The Association of American Medical Colleges (AAMC) published a report today outlining common barriers to medical education faced by med school students with disabilities. The research on this topic was prompted by the AAMC‘s desire to promote diversity among its student, faculty and professional membership, and facilitate the standardization of accommodations. The report suggests that, although more medical school students are self-identifying as having disabilities, a culture of competition still promotes stigma around disability. Philadelphia public radio’s (WHYY) Elana Gordon wrote a short article summarizing the AAMC report and the responses it prompted from disability rights advocates.
George Washington University is creating a special task force to address complaints of digital inaccessibility. Their concern was prompted by a federal investigation headed by the Department of Education into possible disability discrimination. According to the story by GW’s independent student newspaper, The Hatchet, the university previously tried solving the problem using accessibility software but students with disabilities reported the services were still inadequate. Click here to read the full report and learn more about GW’s efforts to improve digital accessibility.
Arizona State University will offer a disability studies major beginning in Fall 2019. NCDJ board member Amy Silverman reports the details in a new article for Phoenix New Times.
In a column for the Phoenix New Times NCDJ Advisory Board member Amy Silverman advocates for the creation of a Disability Studies major at Arizona universities. A sub-committee of The Arizona Board of Regents accepted requests for new majors last week and approved all the proposed majors except for Disability Studies. Silverman argues that there is a market demand for expertise related to disability issues. Click here to read Silverman’s full column.
Last Friday the student newspaper Iowa State Daily featured an excellent profile of two college women who share the same invisible disability – postural orthostatic tachycardia syndrome (POTS). Laura Wiederholt had been living with the condition for several years and recognized the symptoms described by her friend Taylor Schumacher. With Wiederholt’s encouragement, Schumacher received an official diagnosis and was able to adapt her lifestyle to her new condition. Apparently POTS is more common than people realize but it is underdiagnosed due to symptoms like fatigue and nausea that resemble other illnesses. Check out the article here to learn more about POTS and the students adapting to it.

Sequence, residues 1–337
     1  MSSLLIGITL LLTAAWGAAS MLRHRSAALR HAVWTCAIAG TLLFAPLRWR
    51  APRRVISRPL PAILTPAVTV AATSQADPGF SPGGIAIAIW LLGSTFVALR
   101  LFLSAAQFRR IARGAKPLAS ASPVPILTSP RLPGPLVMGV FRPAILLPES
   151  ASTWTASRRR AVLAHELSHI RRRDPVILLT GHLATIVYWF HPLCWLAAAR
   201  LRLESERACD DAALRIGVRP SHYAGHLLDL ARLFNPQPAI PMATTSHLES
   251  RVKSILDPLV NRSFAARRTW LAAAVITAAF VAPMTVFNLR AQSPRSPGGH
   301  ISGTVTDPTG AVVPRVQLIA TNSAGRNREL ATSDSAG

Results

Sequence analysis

Alan Goldstein, a former actor turned award-winning professor at NYU, partners engineering students with people with disabilities to make short documentaries about their lives. The Chronicle of High Education reports on Goldstein’s unique class about “Disabilities Studies.”
A group of students with disabilities at the University of Illinois are working to found a ‘cultural house’ where they can build community. The process is in its beginning stages but the founders are hopeful the new community space would create a needed space for students with disabilities to appreciate their culture and organize for more awareness of disability topics. Click here to read the full article by Karen Liu in the student paper The Daily Illini.
More colleges, like Clemson University, are offering opportunities for students with intellectual disabilities. But across the nation, there is still more demand for those programs. Read more
Students in Minnesota say professors are not properly accommodating students with invisible disabilities. More training may be needed as more students come forward with mental illness, according to advocates. Read more
Alejandrina Guzman is the first student body president elected at University of Texas at Austin with physical disabilities. Read more